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Deadly Car Bombings in Saudi Arabia

Aired May 13, 2003 - 06:27   ET


CAROL COSTELLO, CNN ANCHOR: We want to update you now on the deadly car bombings in Saudi Arabia. We know at least 10 Americans and many others have been killed in these blasts. That's according to Secretary of State Colin Powell, who is now in the Saudi capital. He says the attacks bear the earmarks of al Qaeda. The simultaneous blasts ripped through three residential compounds or airport complexes and, of course, many Americans and others of other nationalities lived in those apartment complexes.
Right now we want to bring in CNN's Mike Brooks -- Mike, are you there?


Good morning.

COSTELLO: Good morning.

And the reason we want to talk to you, because you were part of the team that investigated the Khobar Towers bombing in Saudi Arabia back in 1996. These pictures must look familiar to you.

BROOKS: They do. I investigated, I was on the post-blast team and the rapid deployment team with the FBI's Joint Terrorist Task Force in 1996 and also investigated the U.S. Embassy bombing in Nairobi in 1998. And a lot of similarities here, Carol.

We go back to 1995 to the Saudi Arabian National Guard facility bombing that killed five Americans with a small truck bomb. They got just into the gate, pulled up in front of the parking lot at lunchtime, detonated a bomb there.

And then we go to June 25, 1996, Khobar Towers. A truck, a truck used to clean out Port-A-Johns stuffed with at least a minimum of 5,000 pounds of C4 explosive pulled out, pulled to perimeter of a fence -- as we're looking at the pictures now -- and detonated a bomb there, killing 19 Americans, wounding hundreds of others.

Then we go to 1998, simultaneous attacks in Nairobi, Kenya and Dar-es-Salaam, Tanzania with small truck bombs. And then we go as far as last year in Mombassa (ph), at the resort there, if you recall, where they had simultaneous attacks at the resort with a car bomb and also at the airport with two surface to air missiles.

COSTELLO: These were heavy...

BROOKS: So a lot of similarities here, Carol. COSTELLO: Yes, these were heavy duty explosives apparently used in this most recent bombings. What would you say they were? How powerful would they have to be?

BROOKS: Well, from looking at the pictures that we're seeing so far and from the history of what al Qaeda uses, back in 1995 at the OPM Sang bombing (ph), they used TNT. They used C4, which is, again, a high explosive. In '96 in Nairobi and Dar-es-Salaam they used, again, TNT. In Mombassa, TNT. We look to Bali, also, where they also used another improvised explosive device using TNT.

So this definitely has the earmarks. But we go back to Khobar, where they thought that initially it might have been al Qaeda related, but later on the investigation revealed that it was a local Shia group that was Iranian backed and possibly, again, possibly funded by bin Laden.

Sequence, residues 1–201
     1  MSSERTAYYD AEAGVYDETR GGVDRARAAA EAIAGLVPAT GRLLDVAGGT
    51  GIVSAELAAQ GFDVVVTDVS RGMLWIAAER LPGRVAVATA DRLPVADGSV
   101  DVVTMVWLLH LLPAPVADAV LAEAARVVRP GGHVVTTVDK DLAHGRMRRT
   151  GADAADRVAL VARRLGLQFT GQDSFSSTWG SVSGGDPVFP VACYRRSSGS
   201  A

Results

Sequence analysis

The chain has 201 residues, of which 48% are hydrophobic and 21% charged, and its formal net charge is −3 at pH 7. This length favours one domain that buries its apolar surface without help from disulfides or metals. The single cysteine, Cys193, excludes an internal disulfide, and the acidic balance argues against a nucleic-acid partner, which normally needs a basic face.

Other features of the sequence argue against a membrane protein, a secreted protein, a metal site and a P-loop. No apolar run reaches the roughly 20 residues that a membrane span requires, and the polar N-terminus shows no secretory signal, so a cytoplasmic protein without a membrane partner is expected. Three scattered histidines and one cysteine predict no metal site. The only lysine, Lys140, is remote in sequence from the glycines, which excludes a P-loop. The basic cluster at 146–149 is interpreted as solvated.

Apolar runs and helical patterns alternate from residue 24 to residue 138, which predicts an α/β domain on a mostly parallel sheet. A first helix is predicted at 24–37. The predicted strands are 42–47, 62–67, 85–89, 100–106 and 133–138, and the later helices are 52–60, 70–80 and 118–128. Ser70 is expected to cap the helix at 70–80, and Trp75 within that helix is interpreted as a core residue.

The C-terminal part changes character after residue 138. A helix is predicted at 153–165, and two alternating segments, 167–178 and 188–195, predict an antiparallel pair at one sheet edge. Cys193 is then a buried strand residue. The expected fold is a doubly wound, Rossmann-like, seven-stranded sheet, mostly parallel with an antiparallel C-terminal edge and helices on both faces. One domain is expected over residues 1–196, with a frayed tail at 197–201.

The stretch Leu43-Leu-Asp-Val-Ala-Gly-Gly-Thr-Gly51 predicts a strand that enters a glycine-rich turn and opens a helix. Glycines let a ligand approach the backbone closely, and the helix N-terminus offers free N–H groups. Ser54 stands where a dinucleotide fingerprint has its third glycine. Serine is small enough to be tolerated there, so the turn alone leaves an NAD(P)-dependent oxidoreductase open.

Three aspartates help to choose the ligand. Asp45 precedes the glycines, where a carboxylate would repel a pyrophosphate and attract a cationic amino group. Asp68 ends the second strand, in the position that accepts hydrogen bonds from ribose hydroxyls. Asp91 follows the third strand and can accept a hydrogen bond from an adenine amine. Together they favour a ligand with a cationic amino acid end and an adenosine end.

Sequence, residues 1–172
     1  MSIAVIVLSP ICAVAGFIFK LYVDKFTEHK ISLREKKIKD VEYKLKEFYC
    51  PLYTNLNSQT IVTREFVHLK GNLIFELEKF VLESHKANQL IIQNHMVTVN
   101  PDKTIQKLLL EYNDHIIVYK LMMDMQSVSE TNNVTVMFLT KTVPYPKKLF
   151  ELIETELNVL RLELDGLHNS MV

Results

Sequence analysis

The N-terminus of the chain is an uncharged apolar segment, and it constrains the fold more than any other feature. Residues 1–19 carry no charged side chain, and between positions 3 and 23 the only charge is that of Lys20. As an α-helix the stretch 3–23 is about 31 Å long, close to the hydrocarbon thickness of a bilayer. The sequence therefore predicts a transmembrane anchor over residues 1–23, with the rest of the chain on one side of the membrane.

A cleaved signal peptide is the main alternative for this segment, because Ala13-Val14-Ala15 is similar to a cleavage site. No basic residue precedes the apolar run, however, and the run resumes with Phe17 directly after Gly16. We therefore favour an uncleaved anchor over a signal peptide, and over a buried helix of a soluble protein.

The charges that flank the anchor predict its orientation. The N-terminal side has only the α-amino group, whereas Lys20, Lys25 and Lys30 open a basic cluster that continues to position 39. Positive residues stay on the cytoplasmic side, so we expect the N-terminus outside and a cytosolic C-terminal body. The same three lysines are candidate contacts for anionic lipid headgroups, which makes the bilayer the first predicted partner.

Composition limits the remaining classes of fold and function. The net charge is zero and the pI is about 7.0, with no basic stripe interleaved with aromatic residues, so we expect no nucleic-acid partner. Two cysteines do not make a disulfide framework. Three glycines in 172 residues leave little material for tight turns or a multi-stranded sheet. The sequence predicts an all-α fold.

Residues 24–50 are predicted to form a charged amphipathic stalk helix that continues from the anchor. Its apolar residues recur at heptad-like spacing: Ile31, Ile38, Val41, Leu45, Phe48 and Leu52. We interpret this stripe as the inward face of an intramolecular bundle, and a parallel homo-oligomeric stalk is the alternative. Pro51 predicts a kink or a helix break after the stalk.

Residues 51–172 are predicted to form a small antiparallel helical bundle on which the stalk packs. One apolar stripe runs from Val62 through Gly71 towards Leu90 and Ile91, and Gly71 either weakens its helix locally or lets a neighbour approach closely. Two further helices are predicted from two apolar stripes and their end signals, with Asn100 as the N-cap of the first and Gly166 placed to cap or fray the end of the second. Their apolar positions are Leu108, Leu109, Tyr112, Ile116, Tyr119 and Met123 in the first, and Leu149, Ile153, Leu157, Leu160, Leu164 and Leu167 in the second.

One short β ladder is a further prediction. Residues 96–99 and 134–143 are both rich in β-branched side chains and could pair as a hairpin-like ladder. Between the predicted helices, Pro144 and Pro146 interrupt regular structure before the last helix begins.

But, you know, we looked at the other ones and there's so much similarity here, Carol, that's very, very...

COSTELLO: Yes. Colin Powell, though, thinks that this has all the earmarks of al Qaeda because they were coordinated attacks, you know, more going on -- more than one going off at the same time. And you have to admit, this seemed very well coordinated with, you know, the gunmen running in in advance of the car bombs going off.

BROOKS: Sure. And that has, again, you look at the embassy bombing in Nairobi, where one of the bombers got out with a gun and a grenade to draw people in the embassy to the window before the bomb was detonated to cause more injuries. And there, again, a coordinated attack in two different countries -- Dar-es-Salaam, Tanzania and Nairobi, Kenya. Very similar.

The FBI and along with DOD, the CIA and the U.S. Department of Diplomatic Security worked together on these, on the incidents like this. And the FBI's critical incident response group will probably be putting together a team to send there because they do have extra- territorial jurisdiction to investigate acts of terrorism against Americans overseas.

COSTELLO: Understand.

We understand some members of the FBI and CIA are in Saudi Arabia right now. What will the cooperation be like with Saudi officials investigating this?

BROOKS: Well, to be honest, when we were investigating the Khobar Towers incident, on the surface it seemed like it was, they were very cooperative. But behind the scenes, there were some problems, because we had a group that was investigating the post-blast scene there at the crater, going through, looking for pieces of evidence. Then we also had investigative teams. They were not very cooperative with the investigative teams. They were very reluctant to let our investigators go out into their community, even with them accompanying us. And it's, it was sometimes like pulling teeth, to be honest. And, but at the end we did work together and we came up with most of the evidence of the truck that delivered the bomb. We did do a good investigation. The Saudis notified the Americans authorities that they had four people initially and then they went ahead and executed the four Shias that they had, that they got there in Saudi Arabia.

COSTELLO: Well, we hope there is cooperation this time, as well. And we hope it starts at the beginning of the investigation, and not the end.

BROOKS: Exactly.

COSTELLO: Mike Brooks, many thanks for calling in early on DAYBREAK and informing us of all of that.


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